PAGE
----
At one time or another, every one of us has been the recipient of bad counsel from a fellow Christian. It can be a tough thing to swallow advice tainted with inaccuracies, hurtful words, or false assumptions. We all know what our default response is to such counsel. We might get angry at their intrusiveness, be discouraged by their hurtful tone, or even be judgmental toward their judgmentalism. But is there a way to receive bad counsel in a such a way that is beneficial, not only for you, but also for your fellow Christian?
By ‘bad counsel,’ I am not referring to false teaching or heretical counsel which rejects Jesus Christ and his Word. This counsel must be utterly rejected. I’m referring to counsel delivered by a Christian brother or sister that might come across as judgmental, hypocritical, ‘legalistic,’ or insensitive. I understand that there is a time and place to lovingly confront such counsel, but how can we actually benefit from it? Here are four ways that you can make the most of a less-than-ideal counseling situation.
Elias Keach was a 17th century pastor’s kid - the son of the respected Baptist minister, Benjamin Keach. Benjamin Keach was known for introducing hymn singing in Baptist churches, writing a catechism, and preceding the pastoral ministry of Charles Spurgeon. But Elias didn’t adopt his parents’ religion. Forsaking their beliefs, he left London to go to the American Colonies in 1689. In this new environment, he became known as the son of the famous Benjamin Keach, which brought him great admiration and respect. Taking advantage of this, Elias would wear clergy outfits, posing as a man of God. Although he played the part well, his heart was far from God.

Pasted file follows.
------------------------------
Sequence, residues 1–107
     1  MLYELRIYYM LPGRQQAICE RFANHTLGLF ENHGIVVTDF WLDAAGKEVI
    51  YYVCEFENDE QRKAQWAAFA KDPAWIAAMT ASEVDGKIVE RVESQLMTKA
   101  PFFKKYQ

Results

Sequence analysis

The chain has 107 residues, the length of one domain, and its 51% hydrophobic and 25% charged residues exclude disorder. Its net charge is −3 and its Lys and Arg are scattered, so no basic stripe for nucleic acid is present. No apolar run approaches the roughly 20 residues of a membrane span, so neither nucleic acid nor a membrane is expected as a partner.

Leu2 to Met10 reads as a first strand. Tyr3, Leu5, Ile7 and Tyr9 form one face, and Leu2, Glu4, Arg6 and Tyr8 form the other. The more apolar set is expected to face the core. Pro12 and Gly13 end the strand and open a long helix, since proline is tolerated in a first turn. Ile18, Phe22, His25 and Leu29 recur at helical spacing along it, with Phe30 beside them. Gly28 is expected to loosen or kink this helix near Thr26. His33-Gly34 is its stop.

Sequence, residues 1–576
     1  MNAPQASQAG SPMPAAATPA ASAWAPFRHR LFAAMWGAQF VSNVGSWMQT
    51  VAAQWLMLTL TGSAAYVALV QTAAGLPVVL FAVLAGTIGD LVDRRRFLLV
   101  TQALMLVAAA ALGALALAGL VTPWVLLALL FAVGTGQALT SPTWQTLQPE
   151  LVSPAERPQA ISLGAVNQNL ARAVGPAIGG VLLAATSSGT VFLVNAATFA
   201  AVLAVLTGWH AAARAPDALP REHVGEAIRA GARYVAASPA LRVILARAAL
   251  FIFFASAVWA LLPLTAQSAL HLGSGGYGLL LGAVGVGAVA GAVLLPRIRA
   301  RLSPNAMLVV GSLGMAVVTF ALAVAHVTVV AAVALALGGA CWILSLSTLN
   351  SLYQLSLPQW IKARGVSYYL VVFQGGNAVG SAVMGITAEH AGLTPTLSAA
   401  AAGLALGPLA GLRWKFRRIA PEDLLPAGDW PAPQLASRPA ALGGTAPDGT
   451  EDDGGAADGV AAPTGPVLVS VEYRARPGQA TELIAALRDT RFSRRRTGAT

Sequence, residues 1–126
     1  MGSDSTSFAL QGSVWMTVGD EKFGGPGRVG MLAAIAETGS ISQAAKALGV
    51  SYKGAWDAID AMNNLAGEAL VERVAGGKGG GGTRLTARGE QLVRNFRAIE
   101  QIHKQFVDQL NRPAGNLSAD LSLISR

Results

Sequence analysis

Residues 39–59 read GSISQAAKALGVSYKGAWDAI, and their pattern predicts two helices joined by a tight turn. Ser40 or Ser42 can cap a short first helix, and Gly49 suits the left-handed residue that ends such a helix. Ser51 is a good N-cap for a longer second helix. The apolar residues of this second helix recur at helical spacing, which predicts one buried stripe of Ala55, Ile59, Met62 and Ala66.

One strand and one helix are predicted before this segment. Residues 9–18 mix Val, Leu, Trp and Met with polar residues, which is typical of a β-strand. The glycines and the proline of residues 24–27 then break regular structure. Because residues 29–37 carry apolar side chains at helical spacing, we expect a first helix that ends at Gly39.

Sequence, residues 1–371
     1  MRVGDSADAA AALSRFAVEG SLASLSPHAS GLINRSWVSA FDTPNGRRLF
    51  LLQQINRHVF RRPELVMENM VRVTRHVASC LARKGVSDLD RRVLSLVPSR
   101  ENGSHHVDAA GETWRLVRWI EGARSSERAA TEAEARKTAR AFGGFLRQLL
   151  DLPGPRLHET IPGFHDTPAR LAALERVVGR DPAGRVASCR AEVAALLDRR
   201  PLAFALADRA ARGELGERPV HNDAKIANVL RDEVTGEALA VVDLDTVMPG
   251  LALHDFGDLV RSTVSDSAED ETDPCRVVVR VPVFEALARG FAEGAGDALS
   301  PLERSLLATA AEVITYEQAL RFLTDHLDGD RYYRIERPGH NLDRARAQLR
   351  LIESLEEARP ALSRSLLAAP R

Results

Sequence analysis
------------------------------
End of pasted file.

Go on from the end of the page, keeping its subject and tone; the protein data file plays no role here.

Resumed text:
Murders come in all kinds of ways. They come through violence. They come through domestic squabbles. They come through gang warfares. The history of the world is unfortunately littered with records of murder. In fact, murders are so commonplace that they don’t always make the news cycle unless they’re bizarre or multiple. Yet, the most prevalent form of murder that never gets reported is anger.
Growing up I was taught about modesty through talks at youth seminars, Sunday school, and youth group. I can remember being taught about tips and rules for how to be modest. While some of these tips are helpful, I grew up believing modesty was a set of standards that prevent you from dressing in a way that tempts men.
God is good.
These are words often uttered to those experiencing difficult trials in their lives. Unfortunately, these also are words that often sound hollow to the one experiencing those trials--cotton-candy, feel-good, substanceless words in the midst of excruciating pain or unbearable temptation:
God is good.
Since the garden of Eden, one of humanity’s greatest temptations is to doubt that Author of Good is truly good. In the opening chapters of Genesis, everything God creates is “very good.” Yet, when the serpent comes to Eve, he plants this thought in her mind: God is withholding good from me.
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